Yes Twila, we have a cat like that too here at Chateau Sinister. We acquired him from an elderly lady who was moving to a place that didn't allow cats, and he'd have been euthanized (horrible euphemism: he'd have been killed) if we hadn't taken him in. I accepted, with very bad grace. The elderly lady had him castrated and declawed, so of course he's inclined to be a little cranky (well, wouldn't you be if you'd had your balls cut off [assuming you had them] and your fingernails pulled out?), but without claws it's not safe for him to be let out to roam the neighbourhood the way he wants to, he doesn't understand how defenseless he is. So he's an indoor cat, but has no clue why he has to be an indoor cat, and doesn't like it.
Understand now, I'm not fond of cats. They dig up and crap in my flower beds, kill the birds I try to attract to my yard, puke hairballs on my carpets, make horrible noises around the neighbourhood at night... But I'm not so heartless as to want to shoot them all (well, not on most days). This cat came into our house because of the piteous cries of my (at the time) pre-teen daughter. She swore it'd be her cat, she'd feed him, clean the litter box, exercise him, entertain him, yada yada yada ya sure... For those of you with teenage children, I hardly need to say this, but for the benefit of the childless: in five years she's fed him twice that I know of (I'm the food guy) and cleaned the litter box maybe six times, under heavy parental pressure.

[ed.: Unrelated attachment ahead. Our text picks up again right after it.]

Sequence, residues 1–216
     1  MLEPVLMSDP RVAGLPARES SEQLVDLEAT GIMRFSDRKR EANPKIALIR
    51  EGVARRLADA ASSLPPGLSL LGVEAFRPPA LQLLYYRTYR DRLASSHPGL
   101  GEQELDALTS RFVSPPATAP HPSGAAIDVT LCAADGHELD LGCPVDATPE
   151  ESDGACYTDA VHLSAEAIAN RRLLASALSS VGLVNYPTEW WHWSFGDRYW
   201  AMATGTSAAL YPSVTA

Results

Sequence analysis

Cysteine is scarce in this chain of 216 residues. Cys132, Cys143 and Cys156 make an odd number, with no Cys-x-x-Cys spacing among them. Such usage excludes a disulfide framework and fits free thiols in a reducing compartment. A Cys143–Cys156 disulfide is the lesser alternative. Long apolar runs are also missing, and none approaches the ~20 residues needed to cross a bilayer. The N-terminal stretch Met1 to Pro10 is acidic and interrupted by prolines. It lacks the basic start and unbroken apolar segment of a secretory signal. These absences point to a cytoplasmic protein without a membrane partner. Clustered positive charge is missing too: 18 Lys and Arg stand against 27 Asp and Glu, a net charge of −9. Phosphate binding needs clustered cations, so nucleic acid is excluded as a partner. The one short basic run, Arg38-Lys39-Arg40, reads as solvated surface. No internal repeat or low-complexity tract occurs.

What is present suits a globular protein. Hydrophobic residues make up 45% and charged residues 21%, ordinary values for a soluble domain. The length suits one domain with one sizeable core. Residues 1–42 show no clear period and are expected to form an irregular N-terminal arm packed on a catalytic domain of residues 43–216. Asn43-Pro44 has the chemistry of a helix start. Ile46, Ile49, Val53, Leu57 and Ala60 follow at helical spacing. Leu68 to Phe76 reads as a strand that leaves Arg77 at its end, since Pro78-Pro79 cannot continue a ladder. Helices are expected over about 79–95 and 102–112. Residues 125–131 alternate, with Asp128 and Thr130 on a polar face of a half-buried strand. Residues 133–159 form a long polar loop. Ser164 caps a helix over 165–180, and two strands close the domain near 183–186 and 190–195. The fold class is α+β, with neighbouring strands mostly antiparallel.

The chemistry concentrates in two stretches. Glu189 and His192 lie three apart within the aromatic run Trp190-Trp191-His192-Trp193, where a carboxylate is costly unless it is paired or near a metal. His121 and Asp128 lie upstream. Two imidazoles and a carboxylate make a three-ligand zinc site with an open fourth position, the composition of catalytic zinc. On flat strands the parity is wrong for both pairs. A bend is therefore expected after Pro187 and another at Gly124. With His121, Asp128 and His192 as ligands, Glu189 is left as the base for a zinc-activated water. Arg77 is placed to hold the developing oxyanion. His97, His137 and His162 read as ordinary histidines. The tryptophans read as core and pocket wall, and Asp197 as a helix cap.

But I digress, as I often do. He thinks he should be let outside, and will run with me to the back door in eager anticipation, and hiss when I nudge him away from the door with my foot. He's managed to escape a few times, and rarely goes farther than lurking in the junipers by the fence, so most of the time it'd probably be safe to let him out, but I can't do it with a clear conscience. There are other cats around, some of them much bigger than he is, with claws, so all I feel safe in doing is letting him out on a leash when I'm also outside. He doesn't like the leash much either, though he seems pretty much resigned to it, and I don't blame him for that. I wouldn't like it either.
Nor do I like him much, frankly, because he's a cat and I'm suspicious of all cats (can you really own a cat? I don't think so; they'll let you live in their house with them) but I feel I have to protect him from his own ignorance of his weaknesses.
His name's Baxter. I call him Bastard. He can't tell the difference.